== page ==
Thursday, September 18, 2014

The Victoria, 4th September


One of the closest pubs to my Flat in Mile End was/is The Victoria. But we rarely went in there, because it never really looked open, and the couple of times we did venture in, it was dark and devoid of atmosphere. So it was with interest I noted it had closed and was being taken over by the Yummy Pub Co, the team behind Somerstown Coffee House. I immediately found them on Twitter and was chuffed to be invited to their opening.


We were given the grand tour and treated to some food and some cocktails and other drinks. And yes, the word ‘grand’ is appropriate in this instance because they have turned the reborn Victoria into quite the large, smorgasbord of a pub. We’ll start at the front shall we?

Firstly there’s a little ‘cage’ that opens in the morning to serve the locals coffee and pastries. Then later in the day the pub proper opens, a warm and welcoming large area, with access to the beer garden where they have installed little cabanas and a caravan – Charlie’s cocktail caravan in fact, in homage to the first owner, boxer Charlie Magri. You can hire this out and get it stocked with any kind of booze you want!



We then went upstairs to be introduced to the Board Room, a private dining area that can also be used to host meetings and events. From there we went to The Lodge, one of my favourite spaces – a mini country retreat that can be used for all sorts of things – the other Sunday they made it a child-free haven for enjoying one of their roasts. From there we went into another dining area, this one with full view of the kitchen, and we sampled some of their ‘British tapas’. The expected scotch eggs, honey and mustard sausages etc were on offer as well as some interesting vegetarian items which I thought were particularly nice, in particular some fritters and some goat’s cheese ‘dumplings’ which had just the right amount of goaty tang. I must confess, I didn’t try the scotch eggs as they didn’t look that tempting, and when Stephen was brave enough to try the cod and mushy pea version, he was less than enthusiastic about it. But the rest of it seemed pretty good and they also do plenty of big plate food to choose from, and of course roasts on a Sunday.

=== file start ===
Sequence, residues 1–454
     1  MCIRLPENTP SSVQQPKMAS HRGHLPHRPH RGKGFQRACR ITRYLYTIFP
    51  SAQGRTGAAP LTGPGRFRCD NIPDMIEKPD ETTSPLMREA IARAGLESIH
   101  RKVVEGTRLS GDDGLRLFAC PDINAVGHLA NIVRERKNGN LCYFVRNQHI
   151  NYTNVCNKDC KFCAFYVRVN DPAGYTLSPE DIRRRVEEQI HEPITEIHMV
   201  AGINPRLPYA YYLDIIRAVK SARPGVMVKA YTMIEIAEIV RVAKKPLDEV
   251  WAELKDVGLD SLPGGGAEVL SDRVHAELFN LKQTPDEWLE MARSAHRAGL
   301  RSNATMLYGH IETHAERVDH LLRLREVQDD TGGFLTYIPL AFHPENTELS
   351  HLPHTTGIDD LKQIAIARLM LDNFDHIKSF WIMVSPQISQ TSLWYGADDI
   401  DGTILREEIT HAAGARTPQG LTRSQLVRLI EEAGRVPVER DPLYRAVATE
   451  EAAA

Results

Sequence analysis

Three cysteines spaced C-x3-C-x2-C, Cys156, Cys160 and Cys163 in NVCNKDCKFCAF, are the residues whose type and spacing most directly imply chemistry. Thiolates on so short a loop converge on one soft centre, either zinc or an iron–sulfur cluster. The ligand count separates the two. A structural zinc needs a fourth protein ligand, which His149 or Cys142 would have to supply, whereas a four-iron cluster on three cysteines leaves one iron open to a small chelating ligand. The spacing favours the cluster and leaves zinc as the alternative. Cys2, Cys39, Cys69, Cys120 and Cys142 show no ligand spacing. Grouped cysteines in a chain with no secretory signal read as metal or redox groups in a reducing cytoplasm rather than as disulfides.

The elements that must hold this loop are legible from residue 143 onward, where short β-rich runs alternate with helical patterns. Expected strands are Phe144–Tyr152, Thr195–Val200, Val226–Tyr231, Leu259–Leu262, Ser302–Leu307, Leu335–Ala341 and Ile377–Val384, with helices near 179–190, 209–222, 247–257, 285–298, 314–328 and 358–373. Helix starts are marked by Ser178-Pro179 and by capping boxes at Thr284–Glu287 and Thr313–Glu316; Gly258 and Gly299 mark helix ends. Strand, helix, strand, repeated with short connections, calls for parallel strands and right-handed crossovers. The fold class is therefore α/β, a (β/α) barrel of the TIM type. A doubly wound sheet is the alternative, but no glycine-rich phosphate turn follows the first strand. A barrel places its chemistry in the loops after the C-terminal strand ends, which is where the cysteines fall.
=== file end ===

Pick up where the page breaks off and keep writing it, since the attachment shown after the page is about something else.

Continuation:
From there we were shown the rooftops where the plan is to use the flat roofs to grow herbs and veg, and even keep chickens! All for use down in the pub.

We went back inside and were treated to several cocktails made with the bartender’s own infusions, such as whiskey with orange and cinnamon, and one of the nicest gin and tonics I’ve had – though served in a ‘beer mug’ that was a little too big for a cocktail!


The Vic as she is affectionately known also keeps a little secret, a devious side which I am loathe to reveal, but let’s just say downstairs is not all that it seems. I wouldn’t linger over your reflection too much when you enter or leave the bathroom…

They have a good selection of beers and wines – I was very pleased to see a white rioja on the list,  as well as malbec and picpoul to have by the glass (or you can even treat yourself to some chateauneuf du pape!). We spent another couple of hours in there - the place was busy but not crowded, it felt comfortable, just the sort of ambiance you want from a pub mid-week. 

This feels like a very ambitious project for the Yummy Pub co – in one pub they have channeled all their interests – cooking, drinking, cocktails and coffee and it could go horribly wrong.  However, they seem like the kind of people who like to rise to a challenge – who get a thrill out of pushing their boundaries, and so far it all looks and sounds amazing. I really liked the place and have already been back for a quiet Sunday night wine or two. I hope to be there more frequently and see if they make a success of it. Apparently the last place wasn’t very popular and the local residents didn’t want the pub to reopen so they are having to go out of their way to win over the neighbours and the result is a pub that is a cut above the norm. For Yummy Pub’s sake, and the fact I want a decent local to go to, I wish them luck. 

Victoria on Urbanspoon

Tuesday, September 16, 2014

Morty and Bob's, 30th August

So, you guys know I love bread and cheese right? And melted cheese and toasted bread are a combination made in the very belly of heaven itself. And luckily, quite a few street food places seem to agree. There’s the Cheese Truck, and Grill My Cheese, and these guys... and counting.